10. Make an appointment either with the German probate court, a German notary or a German general consulate abroad to swear the oath.

11. Once you have obtained the German grant (Erbschein or Testamentsvollstreckerzeugnis), contact all banks, insurers, financial institutions, creditors etc. in order to obtain information on the balances on date of death (if you did not already know them from account statements in the apartment of the deceased). Instruct all banks and financial institutions to release the funds.

NOTE: While the German grant will be issued independently from the German IHT returns, in practice the banks will still not release the monies until the German tax authorities (Finantamt) has issued a tax clearance (Unbedenklichkeitsbescheinigung).

12. Finalise and submit the German inheritance tax return (Erbschaftsteuererklärung) and prepare to pay the German IHT within 2-3 months. Ask the tax office to issue a tax clearance certificate (see above).

NOTE: If there is also UK IHT to be paid, you may be able to apply for unilateral relief. Details are explained here.

13. Pay any debts. Terminate contracts no longer required.

14. If there are any properties in the German estate, apply for an update of the German land registry (Grundbuch).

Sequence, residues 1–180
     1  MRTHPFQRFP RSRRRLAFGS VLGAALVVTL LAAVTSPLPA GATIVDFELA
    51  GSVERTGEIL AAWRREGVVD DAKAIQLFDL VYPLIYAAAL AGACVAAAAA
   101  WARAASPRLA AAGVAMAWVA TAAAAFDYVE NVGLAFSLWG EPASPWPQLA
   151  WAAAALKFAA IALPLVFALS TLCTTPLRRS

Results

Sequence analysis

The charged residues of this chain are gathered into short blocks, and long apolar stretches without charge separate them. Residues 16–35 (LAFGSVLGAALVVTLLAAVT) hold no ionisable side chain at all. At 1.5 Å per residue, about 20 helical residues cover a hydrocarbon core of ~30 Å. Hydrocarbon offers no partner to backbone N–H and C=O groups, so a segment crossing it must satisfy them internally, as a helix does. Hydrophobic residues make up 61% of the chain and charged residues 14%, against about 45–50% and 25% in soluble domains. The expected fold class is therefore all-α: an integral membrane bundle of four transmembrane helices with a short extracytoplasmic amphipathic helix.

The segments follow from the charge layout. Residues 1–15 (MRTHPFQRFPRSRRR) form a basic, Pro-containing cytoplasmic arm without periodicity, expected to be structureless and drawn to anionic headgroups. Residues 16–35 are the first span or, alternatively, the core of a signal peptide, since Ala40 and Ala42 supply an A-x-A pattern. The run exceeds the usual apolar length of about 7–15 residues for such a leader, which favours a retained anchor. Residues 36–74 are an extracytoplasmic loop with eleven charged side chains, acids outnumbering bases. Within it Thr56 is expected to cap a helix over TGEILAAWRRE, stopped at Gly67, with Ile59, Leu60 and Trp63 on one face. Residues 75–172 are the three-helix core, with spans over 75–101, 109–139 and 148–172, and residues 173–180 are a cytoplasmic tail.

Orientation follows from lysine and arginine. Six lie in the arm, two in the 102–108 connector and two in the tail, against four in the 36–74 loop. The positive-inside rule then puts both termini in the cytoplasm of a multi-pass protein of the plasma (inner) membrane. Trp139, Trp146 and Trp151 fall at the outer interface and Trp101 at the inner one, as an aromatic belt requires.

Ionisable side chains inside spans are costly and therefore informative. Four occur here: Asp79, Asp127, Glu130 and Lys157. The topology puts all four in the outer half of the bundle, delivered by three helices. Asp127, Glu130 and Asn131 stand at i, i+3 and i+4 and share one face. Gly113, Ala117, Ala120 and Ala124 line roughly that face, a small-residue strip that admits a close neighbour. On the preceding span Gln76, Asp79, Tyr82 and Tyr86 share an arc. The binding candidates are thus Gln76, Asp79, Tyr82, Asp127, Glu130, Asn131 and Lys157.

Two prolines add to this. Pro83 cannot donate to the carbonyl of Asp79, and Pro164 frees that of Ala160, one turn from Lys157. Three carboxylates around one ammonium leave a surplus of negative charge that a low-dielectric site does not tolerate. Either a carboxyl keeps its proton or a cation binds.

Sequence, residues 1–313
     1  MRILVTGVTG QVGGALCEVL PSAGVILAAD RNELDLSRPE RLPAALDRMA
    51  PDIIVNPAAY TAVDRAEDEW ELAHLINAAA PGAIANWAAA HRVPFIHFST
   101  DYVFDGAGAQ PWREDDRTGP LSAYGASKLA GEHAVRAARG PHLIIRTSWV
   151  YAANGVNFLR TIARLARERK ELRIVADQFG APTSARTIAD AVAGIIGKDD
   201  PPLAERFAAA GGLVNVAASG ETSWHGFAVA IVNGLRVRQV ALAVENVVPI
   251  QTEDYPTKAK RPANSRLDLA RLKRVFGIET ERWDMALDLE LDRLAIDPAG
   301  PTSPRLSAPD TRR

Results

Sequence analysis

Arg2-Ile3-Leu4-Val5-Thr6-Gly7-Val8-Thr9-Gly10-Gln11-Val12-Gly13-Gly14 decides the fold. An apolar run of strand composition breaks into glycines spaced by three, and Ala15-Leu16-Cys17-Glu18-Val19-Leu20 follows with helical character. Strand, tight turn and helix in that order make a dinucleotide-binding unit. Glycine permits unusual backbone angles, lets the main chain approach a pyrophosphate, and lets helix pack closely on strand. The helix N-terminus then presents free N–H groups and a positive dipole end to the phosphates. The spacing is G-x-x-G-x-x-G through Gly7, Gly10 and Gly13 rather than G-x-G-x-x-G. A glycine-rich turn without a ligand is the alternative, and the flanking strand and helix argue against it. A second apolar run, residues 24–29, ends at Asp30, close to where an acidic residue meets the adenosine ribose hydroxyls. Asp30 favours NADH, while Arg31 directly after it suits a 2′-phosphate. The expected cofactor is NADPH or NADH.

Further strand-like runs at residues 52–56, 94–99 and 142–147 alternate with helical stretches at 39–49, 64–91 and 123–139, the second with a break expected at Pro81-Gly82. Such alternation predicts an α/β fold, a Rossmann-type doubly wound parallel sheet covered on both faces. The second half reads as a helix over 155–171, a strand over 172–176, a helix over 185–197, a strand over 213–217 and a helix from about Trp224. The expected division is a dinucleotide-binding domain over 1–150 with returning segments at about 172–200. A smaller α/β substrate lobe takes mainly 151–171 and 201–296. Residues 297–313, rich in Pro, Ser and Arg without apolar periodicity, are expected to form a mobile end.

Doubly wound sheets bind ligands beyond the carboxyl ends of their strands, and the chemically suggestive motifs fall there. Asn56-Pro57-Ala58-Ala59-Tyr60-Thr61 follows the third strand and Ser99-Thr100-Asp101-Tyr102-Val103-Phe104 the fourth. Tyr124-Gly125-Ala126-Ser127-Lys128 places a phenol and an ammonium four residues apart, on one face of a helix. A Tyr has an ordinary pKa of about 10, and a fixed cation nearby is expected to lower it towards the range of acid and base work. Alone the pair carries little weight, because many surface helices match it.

15. If you wish to sell German property, decide if and which realtor/estate agent (Immobilienmakler) you wish to instruct. The sale of a German property must always be effected by a German civil law notary. More on conveyancing in Germany here.

16 . If you are an executor/administrator (Testamentsvollstrecker), prepare the final estate accounts and distribute the estate to the beneficiaries. If you are an Erbe (heir or co-heir), it is recommendable to draft a document to be signed by all co-heirs confirming that the German estate has been dissolved (aufgelöst or auseinandergesetzt).

NOTE: If there are also assets outside of Germany, there is the need for additional grants in those other jurisdictions. Unless the deceased had his habitual residence (gewöhnlicher Aufenthalt) in Germany and the other countries involved are EU member states which have accepted the EU Succession Regulation. In that case, an EU certificate of Succession is necessary and sufficient to deal with all estates in those countries.

The basics of German succession laws and intestacy rules as well as German inheritance tax are explained in the brochure “German Probate”, which is available for download here. We have also put together the “11 Pitfalls of UK-German Estate Planning“, in which we highlight 11 common issues when drafting a will or applying for probate when the estate in question involves both UK and German considerations.

Bernhard Schmeilzl is the co-founder of Graf & Partners LLP, a boutique German law firm with offices both in Munich and Regensburg, as well as a network of partner offices in the United Kingdom and the USA. Graf & Partners advise on German-British legal issues, specialising in  inheritance and probate cases as well as international commercial litigation and cross border tax.

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Bernhard Schmeilzl